The following guest post was submitted to VAntage Point by Ed Drohan a Public Affairs Specialist.
The groom needed help slipping the ring on his bride’s finger, and their first kiss was through an oxygen mask.
Not a typical wedding scenario, but this wasn’t a typical wedding. Army Veteran Homer Johnson married long-time friend Jane Gora March 2 from his bed in the James A. Haley Veterans’ Hospital Medical Intensive Care Unit (Tampa) while surrounded by a few close friends, family and hospital staff.
The couple had originally planned to be married June 17, but 75-year-old Homer fell ill about two weeks ago and was admitted to the hospital. His condition worsened to the point that doctors told the family he would probably not live more than a few more days, so the couple decided to move up the wedding and hold it in the hospital.
In less than 24 hours hospital staff members came together to ensure the day would be a memorable one for the pair. Jane said her first hurdle was getting the marriage license from Hillsborough County since both she and Homer would normally need to apply in person, but with the help of Social Worker Christine Edmond she was able to get it.
“Because Homer wasn’t able to be there, I had to have a letter from the doctor saying he wasn’t able to get out of his bed,” Jane said. “The social worker did the letter and the doctor signed it, and then I took it up there. I had to write a note to the judge saying it was important to us to get married and that it was probably not a good idea to wait too long. They OK’d it and I came back here and the wedding happened.”
“We wanted to make sure this was special for them.”
Nurse Anitha Mathew and acting nurse manager Audriana Pevec also rallied their staff around the couple to ensure their wedding was a memorable one.
“We started getting the wheels rolling to see what we could do for this Veteran,” Pevec said. “I think this was a special moment and we wanted to do what we could to make sure this was special for them.”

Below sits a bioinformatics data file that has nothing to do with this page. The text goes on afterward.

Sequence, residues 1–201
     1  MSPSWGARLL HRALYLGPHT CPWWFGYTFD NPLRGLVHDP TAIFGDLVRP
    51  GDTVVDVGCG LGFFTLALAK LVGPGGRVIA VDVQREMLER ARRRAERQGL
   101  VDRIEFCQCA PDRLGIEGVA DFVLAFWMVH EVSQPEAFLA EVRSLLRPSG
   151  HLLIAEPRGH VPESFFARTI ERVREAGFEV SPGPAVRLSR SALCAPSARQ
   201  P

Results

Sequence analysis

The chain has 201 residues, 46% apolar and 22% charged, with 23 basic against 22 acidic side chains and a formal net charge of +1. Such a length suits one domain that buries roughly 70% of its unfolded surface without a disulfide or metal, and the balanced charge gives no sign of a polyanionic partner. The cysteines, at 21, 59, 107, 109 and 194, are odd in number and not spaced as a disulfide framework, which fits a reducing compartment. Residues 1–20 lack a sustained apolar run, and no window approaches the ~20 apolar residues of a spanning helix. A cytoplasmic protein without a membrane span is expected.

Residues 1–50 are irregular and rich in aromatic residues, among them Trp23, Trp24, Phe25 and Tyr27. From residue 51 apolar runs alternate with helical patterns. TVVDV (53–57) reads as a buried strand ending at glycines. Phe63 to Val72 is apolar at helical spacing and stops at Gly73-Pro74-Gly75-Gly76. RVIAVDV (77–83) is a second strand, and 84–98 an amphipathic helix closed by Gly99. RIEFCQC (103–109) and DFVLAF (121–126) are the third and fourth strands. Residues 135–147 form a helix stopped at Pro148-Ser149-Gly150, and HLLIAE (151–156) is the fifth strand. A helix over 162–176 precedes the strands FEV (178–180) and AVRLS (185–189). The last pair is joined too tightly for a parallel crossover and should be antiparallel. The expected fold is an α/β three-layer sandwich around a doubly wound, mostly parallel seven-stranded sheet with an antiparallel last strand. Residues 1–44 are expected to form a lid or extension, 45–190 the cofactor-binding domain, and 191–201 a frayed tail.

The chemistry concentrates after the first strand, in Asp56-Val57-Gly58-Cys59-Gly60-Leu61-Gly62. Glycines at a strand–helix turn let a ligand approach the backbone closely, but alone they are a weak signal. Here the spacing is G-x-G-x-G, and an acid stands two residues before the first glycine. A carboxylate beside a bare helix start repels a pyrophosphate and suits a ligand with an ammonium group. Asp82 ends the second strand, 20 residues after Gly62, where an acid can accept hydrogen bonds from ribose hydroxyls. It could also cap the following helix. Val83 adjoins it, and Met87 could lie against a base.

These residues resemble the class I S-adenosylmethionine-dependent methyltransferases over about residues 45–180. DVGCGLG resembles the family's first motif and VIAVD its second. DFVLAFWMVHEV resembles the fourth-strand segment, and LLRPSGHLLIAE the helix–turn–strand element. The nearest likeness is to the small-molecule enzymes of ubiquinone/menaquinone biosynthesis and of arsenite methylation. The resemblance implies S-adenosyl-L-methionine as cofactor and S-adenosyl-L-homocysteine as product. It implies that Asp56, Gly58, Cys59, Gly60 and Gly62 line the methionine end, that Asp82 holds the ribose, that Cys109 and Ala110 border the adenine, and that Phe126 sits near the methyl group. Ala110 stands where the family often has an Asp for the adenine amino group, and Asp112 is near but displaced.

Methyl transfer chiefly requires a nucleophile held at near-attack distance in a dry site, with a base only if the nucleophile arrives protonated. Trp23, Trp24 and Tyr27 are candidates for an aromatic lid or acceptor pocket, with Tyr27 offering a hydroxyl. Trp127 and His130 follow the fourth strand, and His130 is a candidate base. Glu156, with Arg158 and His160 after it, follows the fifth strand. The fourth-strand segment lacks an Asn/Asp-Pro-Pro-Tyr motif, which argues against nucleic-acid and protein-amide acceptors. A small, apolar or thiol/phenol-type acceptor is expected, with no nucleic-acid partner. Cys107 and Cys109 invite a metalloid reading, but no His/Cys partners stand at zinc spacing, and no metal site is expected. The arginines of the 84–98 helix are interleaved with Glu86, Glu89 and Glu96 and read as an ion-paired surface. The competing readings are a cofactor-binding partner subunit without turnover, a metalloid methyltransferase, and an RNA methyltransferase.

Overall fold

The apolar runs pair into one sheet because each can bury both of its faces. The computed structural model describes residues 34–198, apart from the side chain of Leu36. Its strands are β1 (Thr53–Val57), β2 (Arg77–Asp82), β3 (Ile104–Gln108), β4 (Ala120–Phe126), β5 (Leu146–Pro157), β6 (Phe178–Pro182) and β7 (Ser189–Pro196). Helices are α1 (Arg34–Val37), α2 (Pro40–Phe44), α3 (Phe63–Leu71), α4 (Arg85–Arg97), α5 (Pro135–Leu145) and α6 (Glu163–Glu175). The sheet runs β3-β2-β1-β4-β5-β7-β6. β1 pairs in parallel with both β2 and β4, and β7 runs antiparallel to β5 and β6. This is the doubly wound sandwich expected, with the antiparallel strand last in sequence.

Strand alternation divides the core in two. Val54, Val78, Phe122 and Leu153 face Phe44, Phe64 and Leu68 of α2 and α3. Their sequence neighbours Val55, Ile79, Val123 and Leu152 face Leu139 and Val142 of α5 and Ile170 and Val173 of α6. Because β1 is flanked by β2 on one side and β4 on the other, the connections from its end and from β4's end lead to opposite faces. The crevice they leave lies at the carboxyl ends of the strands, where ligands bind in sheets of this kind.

Pevec discovered nobody could recall a wedding like this ever taking place at the Tampa VA hospital. She coordinated with Staff Chaplain Dennis Mathai to ensure the couple’s minister was cleared to perform the ceremony in the hospital, and even helped arrange for a wedding cake for the ceremony.
“Our nurse manager called me and said there was going to be a wedding today, so I quickly called the people in the kitchen who make things happen and, and magically, we had a wedding cake,” said Registered Dietician Lynn Hiller. “I think this is wonderful. I’m happy we were able to be here for them. It is a privilege to be here for them.”
The staff also purchased flowers for the bride, decorations and balloons to brighten up the hospital room, a cake knife that commemorates their special day, and a card filled with congratulations from everyone on the staff.
“It all just kind of came together,” Prevec said. “It was really nice to see everyone help. I think it’s one of the least things we can do. It really is an honor.”
While Homer had trouble speaking because of his medical problems, he was able to express his appreciation to everyone involved not only in the wedding, but in the care he’s received since being admitted to the hospital two weeks ago. His new bride felt the same way.
“I’m thankful for all the support,” Jane said. “You can’t do this without them, without the support of the staff and the people around you. It’s like having a whole hospital of family.”
Homer Johnson passed away with his wife by his side March 4.
(Photos by Ed Drohan)